by Tim Pauls
The Association of Roman Catholic Women Priests (ARCWP) recently ordained Elizabeth Eltzroth as a Roman Catholic priest within the boundaries – and in defiance – of the Catholic Diocese of Charlotte, N.C. I’d like to highlight two quotes by Ms. Eltzroth:
“[Catholicism is] the most ancient tradition. It’s the tradition that we all look to. Everybody looks to what the pope and the Catholic leaders are doing.”
And, “It’s time for a change and we’re in the forefront, leading the charge. We expect that eventually everybody is going to follow us.”
What I’m hearing is this: “We respect this ancient tradition as long as it conforms to our agenda.”
Eltzroth hardly has a lock on the contradiction. You’ll find all sorts within Christendom who say, “I like Christianity, as long as it makes room for my personal objections to God’s Word.”
Beware: The temptation is sneaky. In his recent book on the Holy Trinity, Carl Beckwith warns that it’s common for people to formulate the identity of God by determining first what’s good in us, and then deciding that God must be that and more. So, for instance, if we say that love is a good thing, then we decide that God must be loving too – and far better at love than we are.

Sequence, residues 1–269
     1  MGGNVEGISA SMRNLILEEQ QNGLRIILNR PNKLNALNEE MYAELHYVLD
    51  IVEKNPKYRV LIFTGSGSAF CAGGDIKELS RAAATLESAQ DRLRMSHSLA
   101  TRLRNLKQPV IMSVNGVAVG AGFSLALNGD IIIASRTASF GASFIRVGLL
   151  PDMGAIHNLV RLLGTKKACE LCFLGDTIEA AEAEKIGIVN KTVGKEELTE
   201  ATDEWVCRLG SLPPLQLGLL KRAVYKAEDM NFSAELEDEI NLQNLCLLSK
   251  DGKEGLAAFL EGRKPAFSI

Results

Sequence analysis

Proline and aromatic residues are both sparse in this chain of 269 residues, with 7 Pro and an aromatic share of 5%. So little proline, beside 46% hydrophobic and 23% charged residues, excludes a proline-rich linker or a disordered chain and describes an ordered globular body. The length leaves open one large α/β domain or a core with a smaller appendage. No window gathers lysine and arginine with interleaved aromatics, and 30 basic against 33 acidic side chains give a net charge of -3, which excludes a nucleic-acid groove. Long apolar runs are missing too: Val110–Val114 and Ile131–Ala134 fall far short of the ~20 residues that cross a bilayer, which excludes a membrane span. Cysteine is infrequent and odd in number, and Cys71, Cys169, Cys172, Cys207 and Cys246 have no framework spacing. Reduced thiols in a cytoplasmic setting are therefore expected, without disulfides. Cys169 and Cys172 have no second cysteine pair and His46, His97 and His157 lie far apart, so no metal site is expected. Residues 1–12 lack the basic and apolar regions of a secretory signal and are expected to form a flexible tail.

This is called a theology of glory, which determines who God is from what we can sense, not from what the Bible says. Many Christians are comfortable with the idea. We’re all guilty to some extent. Lest we get comfortable, I’ll pose this question: Is this approach really any different than the thought process of Eltzroth and the ARCWP? From the outside looking in, their argument seems to be, “Equality is important to us. Therefore, it must be even more important to God, so He must want us to ordain women.”
How are we to know God? If we take seriously what Scripture says about sinners, I recommend against saying, “God is like us, only better!” The Word is our source, of course, but even we types with “Sola Scriptura” bumper stickers can still fall prey: See, it’s natural to read that “God is love,” and immediately think, “I know what love is from my experience; so, God’s love is a bigger version of mine!” We’re right back to a theology of glory again.
As we learn of God from His Word, we ultimately must meet Him most where He appears to be God least of all: at the cross. Jesus Himself declares that to know Him is to know the Father (John 14:6, 9). As long as we’re vision-impaired sinners in this world, God makes Himself known to us chiefly in His Son’s death for our redemption. In other words, I know God is love, not because I have any similar love in myself, but because I see God dying for me. Until I see Him face to face, my understanding of His love is still woefully deficient; but yet, that love covers all my sins.
The Rev. Tim Pauls serves as pastor at Good Shepherd Lutheran Church, Boise, Idaho.